account previously registered via kube-lego. In order to do so, we need two more
pieces of information from our old kube-lego deployment: the server URL of the
ACME server, and the email address used to register the account.
Both of these bits of information are stored within the kube-lego
To retrieve them, you should be able to
$ kubectl get configmap kube-lego -o yaml \--namespace kube-lego \--export
Your email address should be shown under the
.data.lego.email field, and the
ACME server URL under
For the purposes of this guide, we will assume the email is
firstname.lastname@example.org and the URL
Now that we have migrated our private key to the new Secret resource, as well as
obtaining our ACME email address and URL, we can create a
Create a file named
apiVersion: cert-manager.io/v1kind: ClusterIssuermetadata:# Adjust the name here accordinglyname: letsencrypt-stagingspec:acme:# The ACME server URLserver: https://acme-staging-v02.api.letsencrypt.org/directory# Email address used for ACME registrationemail: email@example.com# Name of a secret used to store the ACME account private key from step 3privateKeySecretRef:name: letsencrypt-private-key# Enable the HTTP-01 challenge providersolvers:- http01:ingress:class: nginx
We then submit this file to our Kubernetes cluster:
$ kubectl create -f cluster-issuer.yaml
You should be able to verify the ACME account has been verified successfully:
$ kubectl describe clusterissuer letsencrypt-staging...Status:Acme:Uri: https://acme-staging-v02.api.letsencrypt.org/acme/acct/7571319Conditions:Last Transition Time: 2019-01-30T14:52:03ZMessage: The ACME account was registered with the ACME serverReason: ACMEAccountRegisteredStatus: TrueType: Ready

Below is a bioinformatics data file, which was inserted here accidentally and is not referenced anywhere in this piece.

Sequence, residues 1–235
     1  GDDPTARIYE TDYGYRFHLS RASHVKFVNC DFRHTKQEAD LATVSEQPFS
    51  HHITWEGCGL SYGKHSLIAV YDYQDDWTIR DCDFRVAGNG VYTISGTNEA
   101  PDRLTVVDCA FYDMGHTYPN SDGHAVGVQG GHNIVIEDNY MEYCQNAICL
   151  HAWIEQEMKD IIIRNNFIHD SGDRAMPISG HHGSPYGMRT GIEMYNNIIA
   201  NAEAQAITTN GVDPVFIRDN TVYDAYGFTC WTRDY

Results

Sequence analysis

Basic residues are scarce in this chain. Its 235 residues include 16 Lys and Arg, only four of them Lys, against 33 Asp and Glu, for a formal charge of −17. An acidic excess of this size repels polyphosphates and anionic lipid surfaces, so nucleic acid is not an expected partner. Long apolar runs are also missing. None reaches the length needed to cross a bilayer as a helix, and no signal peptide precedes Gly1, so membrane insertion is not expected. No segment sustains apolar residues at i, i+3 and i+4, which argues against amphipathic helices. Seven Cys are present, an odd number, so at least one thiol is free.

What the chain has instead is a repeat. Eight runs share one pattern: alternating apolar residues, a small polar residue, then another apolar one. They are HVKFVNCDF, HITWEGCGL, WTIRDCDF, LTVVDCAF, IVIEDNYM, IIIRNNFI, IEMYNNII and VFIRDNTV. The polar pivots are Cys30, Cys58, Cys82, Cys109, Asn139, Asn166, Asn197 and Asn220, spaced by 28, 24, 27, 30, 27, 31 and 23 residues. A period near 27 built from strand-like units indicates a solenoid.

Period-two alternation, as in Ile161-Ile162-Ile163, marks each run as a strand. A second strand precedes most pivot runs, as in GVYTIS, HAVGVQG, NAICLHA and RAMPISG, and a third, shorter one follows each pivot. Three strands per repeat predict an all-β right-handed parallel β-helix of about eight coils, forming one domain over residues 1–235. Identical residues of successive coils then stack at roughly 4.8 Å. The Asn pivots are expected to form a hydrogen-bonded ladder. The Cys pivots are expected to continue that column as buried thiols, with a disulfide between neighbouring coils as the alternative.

Now that our
ClusterIssuer is ready to issue certificates, we have one last
thing to do: we must reconfigure
ingress-shim (deployed as part of cert-manager)
to automatically create Certificate resources for all Ingress resources it finds
with appropriate annotations.
More information on the role of ingress-shim can be found in the
docs, but for now we can just run a
helm upgrade in order to add a few additional flags. Assuming you've named your
letsencrypt-staging (as above), run:
$ helm upgrade cert-manager \jetstack/cert-manager \--namespace cert-manager \--set ingressShim.defaultIssuerName=letsencrypt-staging \--set ingressShim.defaultIssuerKind=ClusterIssuer
You should see the cert-manager pod be re-created, and once started it should automatically create Certificate resources for all of your ingresses that previously had kube-lego enabled.
Before we finish, we should make sure there is now a Certificate resource for each ingress resource you previously enabled kube-lego on.
You should be able to check this by running:
$ kubectl get certificates --all-namespaces
There should be an entry for each ingress in your cluster with the kube-lego annotation.
We can also verify that cert-manager has 'adopted' the old TLS certificates by viewing the logs for cert-manager:
$ kubectl logs -n cert-manager -l app=cert-manager -c cert-manager...I1025 21:54:02.869269 1 sync.go:206] Certificate my-example-certificate scheduled for renewal in 292 hours
Here we can see cert-manager has verified the existing TLS certificate and scheduled it to be renewed in 292 hours time.